The High Cost of Energy in Buildings

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The High Cost of Energy Reduction in Commercial Buildings Featured

Commercial buildings are hungry beasts.  They swallow vast amounts of energy in an average 24-hour period.  They require this energy to keep their occupants comfortable during the work shift.  Though we have long known this to be the case, not much has been done about it because the profit margins associated with running commercial buildings have never been particularly sexy (rare is the property manager or building owner that manages or owns a single building…there is profit in numbers).  Little profit typically translates into little effort to improve building performance because the cost of doing so has usually been too high.

To be sure, many utilities talk about rebates that would help the average building owner pay for improvements, but let’s be clear about this:  Utilities make money by charging for the electricity consumed.  So, the hoops and dodges that a building owner or manager has to negotiate may not even get the utility to actually pay out.

Yet even if the utility did pay out, the cost to reduce energy typically involves very expensive Direct Digital Controls (DDC) systems that also end up being expensive to maintain.  They are not expensive to maintain because they break (DDC is known to be reliable); they are expensive to maintain because owners feel the need to endure expensive project implementation followed by expensive service contracts because the technology is artificially complex in its deployment.  There is also the concept that these systems must be upgraded over time and at the expense of the building owner.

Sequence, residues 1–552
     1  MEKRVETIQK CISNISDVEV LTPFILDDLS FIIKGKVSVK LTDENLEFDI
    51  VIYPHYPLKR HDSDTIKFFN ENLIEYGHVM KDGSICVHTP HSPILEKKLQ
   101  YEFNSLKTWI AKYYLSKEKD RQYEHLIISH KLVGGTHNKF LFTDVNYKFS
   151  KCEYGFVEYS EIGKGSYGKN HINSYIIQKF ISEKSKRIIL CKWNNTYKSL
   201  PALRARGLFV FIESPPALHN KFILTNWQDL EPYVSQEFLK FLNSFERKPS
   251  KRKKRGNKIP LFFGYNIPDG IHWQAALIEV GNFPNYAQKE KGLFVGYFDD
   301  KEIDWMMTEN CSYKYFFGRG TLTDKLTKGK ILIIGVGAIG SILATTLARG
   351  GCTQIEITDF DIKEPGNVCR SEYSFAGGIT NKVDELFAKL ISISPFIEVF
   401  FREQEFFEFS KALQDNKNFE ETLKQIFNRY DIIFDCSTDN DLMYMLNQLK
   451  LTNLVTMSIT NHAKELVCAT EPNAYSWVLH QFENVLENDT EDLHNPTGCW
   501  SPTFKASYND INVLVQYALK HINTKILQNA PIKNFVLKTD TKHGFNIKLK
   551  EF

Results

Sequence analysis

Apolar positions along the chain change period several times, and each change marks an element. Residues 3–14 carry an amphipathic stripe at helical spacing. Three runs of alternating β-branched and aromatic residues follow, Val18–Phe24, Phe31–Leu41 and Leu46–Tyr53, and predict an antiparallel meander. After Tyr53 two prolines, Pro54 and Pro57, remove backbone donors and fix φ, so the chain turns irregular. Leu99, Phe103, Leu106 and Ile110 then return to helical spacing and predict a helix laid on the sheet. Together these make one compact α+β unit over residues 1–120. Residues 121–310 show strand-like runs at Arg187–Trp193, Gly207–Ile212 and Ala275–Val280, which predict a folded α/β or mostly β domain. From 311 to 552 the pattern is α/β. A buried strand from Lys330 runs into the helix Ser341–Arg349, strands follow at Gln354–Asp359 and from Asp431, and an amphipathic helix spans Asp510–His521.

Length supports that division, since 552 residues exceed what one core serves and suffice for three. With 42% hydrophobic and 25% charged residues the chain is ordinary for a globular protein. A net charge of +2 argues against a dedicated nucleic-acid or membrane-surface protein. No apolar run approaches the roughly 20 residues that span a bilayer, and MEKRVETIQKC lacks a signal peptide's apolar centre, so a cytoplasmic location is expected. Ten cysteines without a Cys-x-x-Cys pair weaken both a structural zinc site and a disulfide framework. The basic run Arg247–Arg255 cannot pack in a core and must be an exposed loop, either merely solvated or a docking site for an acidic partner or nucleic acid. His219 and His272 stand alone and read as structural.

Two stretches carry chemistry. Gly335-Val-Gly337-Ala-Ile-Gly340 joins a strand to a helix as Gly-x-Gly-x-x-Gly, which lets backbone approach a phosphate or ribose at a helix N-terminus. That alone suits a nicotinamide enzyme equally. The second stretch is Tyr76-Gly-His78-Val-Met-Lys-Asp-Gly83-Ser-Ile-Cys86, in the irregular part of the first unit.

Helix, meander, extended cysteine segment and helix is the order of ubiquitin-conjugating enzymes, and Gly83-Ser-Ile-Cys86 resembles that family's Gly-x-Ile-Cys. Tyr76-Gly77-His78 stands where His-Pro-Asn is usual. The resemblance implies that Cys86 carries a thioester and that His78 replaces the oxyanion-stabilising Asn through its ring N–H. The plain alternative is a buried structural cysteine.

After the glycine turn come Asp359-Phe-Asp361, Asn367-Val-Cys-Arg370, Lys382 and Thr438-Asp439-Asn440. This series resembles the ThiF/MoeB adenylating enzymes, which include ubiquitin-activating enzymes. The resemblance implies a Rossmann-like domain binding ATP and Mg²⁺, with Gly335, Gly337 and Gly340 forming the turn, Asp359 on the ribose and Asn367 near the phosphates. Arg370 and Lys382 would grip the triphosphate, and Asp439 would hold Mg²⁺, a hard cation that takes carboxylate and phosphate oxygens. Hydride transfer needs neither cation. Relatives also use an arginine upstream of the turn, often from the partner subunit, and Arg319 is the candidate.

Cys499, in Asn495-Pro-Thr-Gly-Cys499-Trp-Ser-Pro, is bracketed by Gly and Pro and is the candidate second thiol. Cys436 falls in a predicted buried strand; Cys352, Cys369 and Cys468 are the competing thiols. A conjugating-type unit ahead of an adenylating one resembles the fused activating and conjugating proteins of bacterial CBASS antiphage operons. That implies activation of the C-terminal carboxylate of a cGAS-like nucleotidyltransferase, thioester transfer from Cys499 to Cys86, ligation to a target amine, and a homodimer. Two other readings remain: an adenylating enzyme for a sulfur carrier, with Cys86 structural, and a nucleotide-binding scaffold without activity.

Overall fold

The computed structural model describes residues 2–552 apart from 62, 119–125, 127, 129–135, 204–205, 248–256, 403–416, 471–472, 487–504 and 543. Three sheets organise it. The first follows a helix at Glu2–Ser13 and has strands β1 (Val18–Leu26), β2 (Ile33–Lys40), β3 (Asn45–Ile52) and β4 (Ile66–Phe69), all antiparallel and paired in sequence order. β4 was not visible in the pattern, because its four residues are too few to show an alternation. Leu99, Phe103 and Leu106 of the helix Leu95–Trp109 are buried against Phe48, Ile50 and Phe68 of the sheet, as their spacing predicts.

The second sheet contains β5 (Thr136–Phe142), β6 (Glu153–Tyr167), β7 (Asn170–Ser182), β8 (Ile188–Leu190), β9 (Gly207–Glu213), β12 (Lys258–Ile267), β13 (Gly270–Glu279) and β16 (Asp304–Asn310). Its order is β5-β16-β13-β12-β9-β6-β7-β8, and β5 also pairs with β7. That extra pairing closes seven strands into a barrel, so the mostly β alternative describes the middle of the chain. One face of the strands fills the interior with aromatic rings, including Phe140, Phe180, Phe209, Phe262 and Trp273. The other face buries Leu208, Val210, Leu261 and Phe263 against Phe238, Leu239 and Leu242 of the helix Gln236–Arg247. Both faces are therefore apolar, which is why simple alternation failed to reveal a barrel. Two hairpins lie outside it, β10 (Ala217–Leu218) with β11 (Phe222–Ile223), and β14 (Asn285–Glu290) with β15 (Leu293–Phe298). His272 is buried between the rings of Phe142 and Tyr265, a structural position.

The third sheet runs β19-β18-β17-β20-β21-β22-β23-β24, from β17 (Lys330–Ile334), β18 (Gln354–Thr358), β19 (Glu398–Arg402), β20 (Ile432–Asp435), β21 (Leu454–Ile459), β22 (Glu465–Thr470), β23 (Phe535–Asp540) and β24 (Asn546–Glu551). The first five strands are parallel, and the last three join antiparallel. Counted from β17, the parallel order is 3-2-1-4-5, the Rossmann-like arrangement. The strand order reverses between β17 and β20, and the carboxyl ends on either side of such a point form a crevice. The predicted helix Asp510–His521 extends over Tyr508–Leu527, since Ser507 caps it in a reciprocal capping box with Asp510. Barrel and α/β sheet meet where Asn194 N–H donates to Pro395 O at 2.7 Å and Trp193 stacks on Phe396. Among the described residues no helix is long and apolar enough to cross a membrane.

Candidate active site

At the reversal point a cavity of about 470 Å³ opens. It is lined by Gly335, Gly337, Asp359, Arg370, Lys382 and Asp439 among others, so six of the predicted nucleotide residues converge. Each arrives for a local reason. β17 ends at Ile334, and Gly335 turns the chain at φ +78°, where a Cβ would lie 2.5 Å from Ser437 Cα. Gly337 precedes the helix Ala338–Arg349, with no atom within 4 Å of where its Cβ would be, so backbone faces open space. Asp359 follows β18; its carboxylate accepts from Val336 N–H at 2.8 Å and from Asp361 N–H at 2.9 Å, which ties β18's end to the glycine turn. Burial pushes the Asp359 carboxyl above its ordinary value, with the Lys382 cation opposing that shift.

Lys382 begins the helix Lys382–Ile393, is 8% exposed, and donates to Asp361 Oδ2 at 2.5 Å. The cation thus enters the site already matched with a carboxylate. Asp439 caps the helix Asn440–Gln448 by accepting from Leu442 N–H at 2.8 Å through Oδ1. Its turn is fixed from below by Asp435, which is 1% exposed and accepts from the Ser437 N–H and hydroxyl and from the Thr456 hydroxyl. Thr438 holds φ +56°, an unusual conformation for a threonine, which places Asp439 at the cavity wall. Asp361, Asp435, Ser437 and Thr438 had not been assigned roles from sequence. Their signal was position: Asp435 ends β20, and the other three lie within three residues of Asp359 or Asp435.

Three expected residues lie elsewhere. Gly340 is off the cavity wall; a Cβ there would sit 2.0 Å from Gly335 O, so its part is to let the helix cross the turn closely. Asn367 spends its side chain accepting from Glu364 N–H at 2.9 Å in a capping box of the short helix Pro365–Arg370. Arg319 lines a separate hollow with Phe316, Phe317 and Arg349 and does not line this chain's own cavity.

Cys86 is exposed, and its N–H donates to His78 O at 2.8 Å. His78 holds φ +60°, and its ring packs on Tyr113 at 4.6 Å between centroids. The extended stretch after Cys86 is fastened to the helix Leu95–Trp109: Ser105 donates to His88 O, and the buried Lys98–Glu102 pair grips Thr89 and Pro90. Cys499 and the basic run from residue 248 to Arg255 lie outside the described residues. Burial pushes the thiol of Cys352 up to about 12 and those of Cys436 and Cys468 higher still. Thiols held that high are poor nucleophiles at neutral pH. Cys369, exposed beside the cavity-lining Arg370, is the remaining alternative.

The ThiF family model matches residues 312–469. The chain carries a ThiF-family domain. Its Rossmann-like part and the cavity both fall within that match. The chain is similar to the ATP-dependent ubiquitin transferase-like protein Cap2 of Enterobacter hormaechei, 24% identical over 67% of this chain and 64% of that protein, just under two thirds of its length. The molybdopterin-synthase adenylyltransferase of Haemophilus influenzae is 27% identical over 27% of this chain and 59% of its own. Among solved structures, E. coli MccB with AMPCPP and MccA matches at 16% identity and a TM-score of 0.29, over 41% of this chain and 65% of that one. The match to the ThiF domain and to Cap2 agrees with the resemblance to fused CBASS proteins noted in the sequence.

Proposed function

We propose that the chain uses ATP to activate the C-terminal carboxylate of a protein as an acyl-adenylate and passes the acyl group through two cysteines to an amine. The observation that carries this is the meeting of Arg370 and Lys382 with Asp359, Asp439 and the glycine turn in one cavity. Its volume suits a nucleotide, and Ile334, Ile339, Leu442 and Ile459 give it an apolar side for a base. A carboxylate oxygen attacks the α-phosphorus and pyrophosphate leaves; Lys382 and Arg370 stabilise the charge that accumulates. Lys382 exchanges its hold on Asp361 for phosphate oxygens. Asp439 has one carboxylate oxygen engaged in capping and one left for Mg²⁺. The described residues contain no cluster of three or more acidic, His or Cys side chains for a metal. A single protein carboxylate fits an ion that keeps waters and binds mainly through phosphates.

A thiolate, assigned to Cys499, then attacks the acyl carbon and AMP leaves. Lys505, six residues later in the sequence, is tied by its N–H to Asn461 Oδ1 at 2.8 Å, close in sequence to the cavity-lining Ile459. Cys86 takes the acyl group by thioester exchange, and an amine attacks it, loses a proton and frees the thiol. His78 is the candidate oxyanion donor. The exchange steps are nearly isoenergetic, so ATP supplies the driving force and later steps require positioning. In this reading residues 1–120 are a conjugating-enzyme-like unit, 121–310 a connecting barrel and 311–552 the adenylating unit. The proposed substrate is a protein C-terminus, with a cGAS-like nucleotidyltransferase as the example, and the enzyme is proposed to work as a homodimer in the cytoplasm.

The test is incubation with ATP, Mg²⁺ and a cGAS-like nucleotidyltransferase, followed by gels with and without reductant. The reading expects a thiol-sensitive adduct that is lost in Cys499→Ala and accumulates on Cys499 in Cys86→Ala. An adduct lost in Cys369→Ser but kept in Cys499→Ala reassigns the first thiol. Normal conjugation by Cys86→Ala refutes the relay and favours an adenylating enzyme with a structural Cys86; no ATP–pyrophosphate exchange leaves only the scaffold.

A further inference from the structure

So, commercial buildings are energy-intensive but it has been too expensive historically to do much about it.  Given the state of the world in which we live and the fact that commercial building Heating Ventilation and Air Conditioning (HVAC) and lighting gobbles up about 70% of all of the energy consumed in a commercial buildings (American Physical Society…www.aps.org.), we must change that paradigm.

Two years agao, Markets and Markets put out a report on Smart Buildings that really illustrates the market (http://www.reportlinker.com/p03028283-summary/Smart-Building-Market-by-Building-Automation-System-by-Application-by-Region-Global-Forecast-to.html) and the opportunities there are to make serious changes.

The US Government has made reduction in commercial building energy usage a priority with its Net Zero Energy Commercial Building Initiative (CBI).  This Department of Energy initiative (Zero Energy Buildings) looks to achieve net-zero energy buildings by 2025.

Heavily involved in solving the problem from a mechanical equipment standpoint is also ASHRAE.  They have turned their own headquarters into a living laboratory and found that energy usage can be drastically curtailed using certain equipment combined with proper equipment controls.

Clearly, the problem of consumption is an obvious one and heavy hitters are involved in tackling it, but even more obvious is the fact that it is still too expensive to attack the problem the way the market currently procures building automation systems.  The only way to solve that is to drastically lower the cost of adoption and deployment of such technologies for building owners.  Once we can accomplish that, everything else will fall into place.